Risk-taking is critical to business success. But the starting point for taking smart risks should be inaction, not action.
Come on, you might be thinking, let’s fast forward to where the action is! Risk taking is James Bond throttling a motorcycle off a cliff and parachuting into a waiting speedboat; it’s Indiana Jones cracking his bullwhip at the bad guy; it’s John Rambo demolishing a foreign army all by himself; and it’s Lara Croft karate chopping a baldheaded villain.
At first glance, risk taking seems to always involve doing something. Risk taking is the protester marching, the rebel resisting, the entrepreneur innovating, the explorer discovering, and the writer opinionating. Surely risk taking, that glorious act of courageous audacity, hasn’t got anything to do with inaction.
But before one can act, one should decide what’s worth acting upon. If you study the best risk-takers, you’ll notice a period of intense calculation before initiating the risk. Think, for example, of Felix Baumgartner’s gigantically risky jump from 128,000 feet into the stratosphere. Before hurling himself toward the earth at terminal velocity, he methodically goes through an exhaustive checklist. Then, at the edge of the space capsule, he stops, breaths, calculates and, finally, jumps.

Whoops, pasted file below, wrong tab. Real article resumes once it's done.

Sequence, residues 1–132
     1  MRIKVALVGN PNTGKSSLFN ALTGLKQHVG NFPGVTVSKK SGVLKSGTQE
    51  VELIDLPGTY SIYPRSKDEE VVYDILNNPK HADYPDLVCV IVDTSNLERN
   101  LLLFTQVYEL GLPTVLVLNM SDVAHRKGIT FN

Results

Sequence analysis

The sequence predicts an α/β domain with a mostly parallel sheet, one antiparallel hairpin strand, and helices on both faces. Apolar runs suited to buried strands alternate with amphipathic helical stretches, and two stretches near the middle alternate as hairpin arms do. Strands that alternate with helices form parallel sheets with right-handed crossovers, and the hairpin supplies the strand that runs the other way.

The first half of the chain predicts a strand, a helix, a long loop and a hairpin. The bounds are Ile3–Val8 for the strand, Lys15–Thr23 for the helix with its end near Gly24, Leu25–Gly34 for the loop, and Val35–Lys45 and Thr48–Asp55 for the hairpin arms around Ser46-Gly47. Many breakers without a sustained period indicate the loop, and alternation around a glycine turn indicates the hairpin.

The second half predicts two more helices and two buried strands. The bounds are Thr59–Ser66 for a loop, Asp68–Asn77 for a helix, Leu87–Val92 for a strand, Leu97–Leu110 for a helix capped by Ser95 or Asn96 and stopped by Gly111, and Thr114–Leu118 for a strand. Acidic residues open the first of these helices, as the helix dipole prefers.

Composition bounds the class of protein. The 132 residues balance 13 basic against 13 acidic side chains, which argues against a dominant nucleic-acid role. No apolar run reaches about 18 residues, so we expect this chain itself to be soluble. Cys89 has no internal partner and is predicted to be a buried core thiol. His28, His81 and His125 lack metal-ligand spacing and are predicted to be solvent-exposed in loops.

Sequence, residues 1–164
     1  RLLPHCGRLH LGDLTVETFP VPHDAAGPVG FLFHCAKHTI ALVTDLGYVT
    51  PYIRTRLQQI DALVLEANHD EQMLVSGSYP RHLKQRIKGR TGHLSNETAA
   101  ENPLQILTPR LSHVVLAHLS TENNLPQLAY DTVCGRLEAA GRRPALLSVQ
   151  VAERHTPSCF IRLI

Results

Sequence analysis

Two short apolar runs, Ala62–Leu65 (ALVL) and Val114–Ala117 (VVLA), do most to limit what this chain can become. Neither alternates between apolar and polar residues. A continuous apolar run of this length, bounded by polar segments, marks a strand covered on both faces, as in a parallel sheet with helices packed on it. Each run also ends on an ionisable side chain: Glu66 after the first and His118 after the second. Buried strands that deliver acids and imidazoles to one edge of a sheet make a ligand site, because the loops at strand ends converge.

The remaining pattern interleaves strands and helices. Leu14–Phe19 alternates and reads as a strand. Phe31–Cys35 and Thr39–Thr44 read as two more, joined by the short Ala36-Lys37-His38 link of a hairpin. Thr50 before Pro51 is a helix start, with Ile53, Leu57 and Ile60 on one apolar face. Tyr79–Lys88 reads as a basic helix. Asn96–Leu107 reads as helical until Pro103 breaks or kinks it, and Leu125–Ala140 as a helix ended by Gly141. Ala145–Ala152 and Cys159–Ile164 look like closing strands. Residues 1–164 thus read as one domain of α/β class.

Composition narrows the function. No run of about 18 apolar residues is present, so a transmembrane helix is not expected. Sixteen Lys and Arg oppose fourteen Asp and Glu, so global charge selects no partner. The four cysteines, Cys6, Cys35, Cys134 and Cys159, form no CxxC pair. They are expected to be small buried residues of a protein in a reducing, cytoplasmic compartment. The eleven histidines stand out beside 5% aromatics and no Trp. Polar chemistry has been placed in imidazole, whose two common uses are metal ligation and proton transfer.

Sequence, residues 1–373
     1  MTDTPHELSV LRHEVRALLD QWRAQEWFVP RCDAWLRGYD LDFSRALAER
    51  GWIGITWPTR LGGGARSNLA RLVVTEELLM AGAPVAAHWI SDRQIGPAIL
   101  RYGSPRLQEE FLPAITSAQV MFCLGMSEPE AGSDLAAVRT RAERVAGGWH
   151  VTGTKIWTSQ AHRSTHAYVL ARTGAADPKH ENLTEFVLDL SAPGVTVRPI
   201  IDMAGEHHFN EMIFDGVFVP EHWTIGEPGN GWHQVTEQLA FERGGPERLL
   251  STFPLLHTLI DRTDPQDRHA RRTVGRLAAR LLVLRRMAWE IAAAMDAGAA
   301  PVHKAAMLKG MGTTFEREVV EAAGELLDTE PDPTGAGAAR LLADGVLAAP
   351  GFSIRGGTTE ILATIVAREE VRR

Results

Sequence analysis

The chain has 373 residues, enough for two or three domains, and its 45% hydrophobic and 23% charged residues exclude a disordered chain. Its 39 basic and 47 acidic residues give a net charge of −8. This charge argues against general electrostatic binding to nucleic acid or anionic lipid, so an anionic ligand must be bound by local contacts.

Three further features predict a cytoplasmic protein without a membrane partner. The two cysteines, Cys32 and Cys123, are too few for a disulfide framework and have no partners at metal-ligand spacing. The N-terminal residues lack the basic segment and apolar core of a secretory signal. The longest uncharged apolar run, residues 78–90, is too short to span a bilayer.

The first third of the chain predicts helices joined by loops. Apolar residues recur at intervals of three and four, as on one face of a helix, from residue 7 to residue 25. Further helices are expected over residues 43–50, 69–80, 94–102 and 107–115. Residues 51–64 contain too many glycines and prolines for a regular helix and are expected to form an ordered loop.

The reason silence is so important to risk taking is that it helps make your risks more deliberate, intentional, and directed. Silence, extended to the point of mental stillness, has a leveling effect on your perspective, sharpening your powers of discernment. Through silence, you become more attuned to your most deeply held beliefs and values, helping you perceive what risks are most compatible with your inner constitution and thus which are truly worth taking.
Risk taking is about purposeful action: matching the best of your intentions with the best of your behaviors. For your risk to be full of purpose, it has to be anchored to an ideal or a cause that you believe to be worthwhile. Silence is the mechanism we use to access our deeper level awareness-our inner gold.
When the risks you take emanate from the center of yourself, versus being imposed from the world outside, your conviction is higher and so is your commitment to taking the risk. Let’s face it, taking a risk because someone else tells you to is much less fulfilling than taking it of your own initiative. Silence is how we listen to ourselves.
For this reason, when readying for your risk it is helpful to follow this dictum: Careful reflection should precede purposeful action.
Question: What risks are you considering today? How do you need to stop and listen, before you leap?
About the Author
Bill Treasurer is a professional speaker and the Chief Encouragement Officer of Giant Leap Consulting. Bill has worked with thousands of executives from top organizations, including NASA, Accenture, CNN, UBS Bank, Spanx, Hugo Boss, the Pittsburgh Pirates, and the US Department of Veterans Affairs.